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‘Climate Smart Village’ Initiative: Madhya Pradesh is all set to make its Villages smarter!

 The project will incur a cost of Rs. 150 crore every year and will include 100 villages in each of the 11 agro-climatic zones of the state

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Madhya Pradesh's initiative of smarter villages
Agricultural farms in India (Representational Image), pixabay
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Bhopal, December 30, 2016: Madhya Pradesh is all set to make its villages smarter. This has prompted them to set an ambitious plan to develop 1,100 ‘climate smart villages’ with an aim to prepare the farmers combat the climate change risks and ensure better productivity.

“The government has been planning to develop 1,100 villages as climate-smart villages in a period of next six years,” said Dr. Rajesh Rajora, who is state Farmer Welfare and Agriculture Development Department Principal Secretary, mentioned PTI report.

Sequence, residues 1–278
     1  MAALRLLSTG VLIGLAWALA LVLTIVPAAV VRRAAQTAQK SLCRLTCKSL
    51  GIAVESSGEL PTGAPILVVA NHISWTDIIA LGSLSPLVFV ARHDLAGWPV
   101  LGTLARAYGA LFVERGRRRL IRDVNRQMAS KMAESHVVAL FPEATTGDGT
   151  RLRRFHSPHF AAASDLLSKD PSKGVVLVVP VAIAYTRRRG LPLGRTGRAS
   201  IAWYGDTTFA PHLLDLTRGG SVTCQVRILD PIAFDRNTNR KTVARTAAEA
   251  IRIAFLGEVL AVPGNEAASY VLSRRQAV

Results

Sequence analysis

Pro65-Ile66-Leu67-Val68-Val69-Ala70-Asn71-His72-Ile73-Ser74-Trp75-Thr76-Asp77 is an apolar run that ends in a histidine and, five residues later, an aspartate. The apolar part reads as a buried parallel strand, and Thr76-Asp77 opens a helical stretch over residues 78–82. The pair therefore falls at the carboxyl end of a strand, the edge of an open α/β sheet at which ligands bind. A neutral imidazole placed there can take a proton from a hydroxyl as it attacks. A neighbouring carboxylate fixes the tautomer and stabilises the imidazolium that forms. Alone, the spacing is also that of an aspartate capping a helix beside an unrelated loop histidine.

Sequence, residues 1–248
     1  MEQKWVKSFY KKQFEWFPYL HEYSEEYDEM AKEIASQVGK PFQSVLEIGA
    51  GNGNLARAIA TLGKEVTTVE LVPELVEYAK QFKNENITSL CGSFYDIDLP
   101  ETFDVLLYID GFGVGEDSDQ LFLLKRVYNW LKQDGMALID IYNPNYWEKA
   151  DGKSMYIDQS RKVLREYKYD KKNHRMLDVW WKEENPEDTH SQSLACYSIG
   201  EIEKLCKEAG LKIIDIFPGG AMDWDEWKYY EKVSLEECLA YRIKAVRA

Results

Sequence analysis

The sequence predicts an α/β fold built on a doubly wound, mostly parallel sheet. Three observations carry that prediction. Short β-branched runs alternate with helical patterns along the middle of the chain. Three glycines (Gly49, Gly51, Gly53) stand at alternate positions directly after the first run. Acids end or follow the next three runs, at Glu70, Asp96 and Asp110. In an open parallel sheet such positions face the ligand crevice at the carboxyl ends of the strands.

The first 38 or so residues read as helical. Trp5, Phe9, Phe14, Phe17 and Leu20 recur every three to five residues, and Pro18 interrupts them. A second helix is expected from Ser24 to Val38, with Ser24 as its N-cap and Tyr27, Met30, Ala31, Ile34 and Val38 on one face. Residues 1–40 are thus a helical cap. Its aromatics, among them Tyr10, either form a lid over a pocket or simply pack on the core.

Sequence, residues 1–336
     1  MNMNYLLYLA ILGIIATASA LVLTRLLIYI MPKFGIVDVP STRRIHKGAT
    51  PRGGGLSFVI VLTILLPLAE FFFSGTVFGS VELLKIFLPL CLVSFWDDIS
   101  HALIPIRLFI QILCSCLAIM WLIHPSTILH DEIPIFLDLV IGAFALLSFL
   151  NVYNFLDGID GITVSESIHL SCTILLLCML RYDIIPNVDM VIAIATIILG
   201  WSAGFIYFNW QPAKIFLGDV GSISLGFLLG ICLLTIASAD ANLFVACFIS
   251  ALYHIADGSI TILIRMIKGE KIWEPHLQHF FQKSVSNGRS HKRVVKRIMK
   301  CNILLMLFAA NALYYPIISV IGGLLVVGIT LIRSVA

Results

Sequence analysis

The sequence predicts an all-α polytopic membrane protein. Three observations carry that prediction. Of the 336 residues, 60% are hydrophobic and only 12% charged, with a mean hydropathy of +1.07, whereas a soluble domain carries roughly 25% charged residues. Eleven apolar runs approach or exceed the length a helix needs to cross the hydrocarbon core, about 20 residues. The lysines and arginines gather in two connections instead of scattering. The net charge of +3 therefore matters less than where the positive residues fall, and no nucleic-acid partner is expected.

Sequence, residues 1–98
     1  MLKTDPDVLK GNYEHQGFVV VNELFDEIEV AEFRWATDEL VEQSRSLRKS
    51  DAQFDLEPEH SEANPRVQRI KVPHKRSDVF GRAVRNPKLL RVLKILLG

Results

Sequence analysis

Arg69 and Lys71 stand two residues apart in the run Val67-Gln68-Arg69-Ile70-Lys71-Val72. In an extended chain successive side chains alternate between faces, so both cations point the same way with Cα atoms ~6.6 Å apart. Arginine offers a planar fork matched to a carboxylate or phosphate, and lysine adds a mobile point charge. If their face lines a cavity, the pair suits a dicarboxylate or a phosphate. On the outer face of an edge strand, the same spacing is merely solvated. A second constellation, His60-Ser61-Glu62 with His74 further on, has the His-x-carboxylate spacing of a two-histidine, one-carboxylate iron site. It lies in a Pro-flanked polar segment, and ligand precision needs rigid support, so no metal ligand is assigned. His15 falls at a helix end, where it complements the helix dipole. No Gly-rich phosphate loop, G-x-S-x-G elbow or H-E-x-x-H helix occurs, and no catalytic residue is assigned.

The project will incur a cost of Rs. 150 crore every year and will include 100 villages in each of the 11 agro-climatic zones of the state, said Dr. Rajora. He also said that “ The work is being taken up under the National Agriculture Development Programme (NADP) and Indian National Mission on Sustainable Agriculture.”

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In addition to using drought-resistance seeds, the farmers will also be encouraged to go for short duration variety of crops.

“The focus would be on integrated agriculture, which comprises animal husbandry, fisheries, in addition to traditional farming. Agro-forestry would also be adopted in these villages,” Rajora said. It conserves and protects the natural resources as it helps water retention and stops soil erosion.

He mentioned that integrated nutrients management would also be implemented to help in soil fertility and plant nutrients supply through optimization of all possible sources of organic, inorganic and biological components.

Rajora said, “In addition, the integrated pest management, zero tillage, raised bed gardening techniques and micro-irrigation would also be introduced in the climate smart villages. This would help farmers to increase the productivity amid all challenges of climate change,”.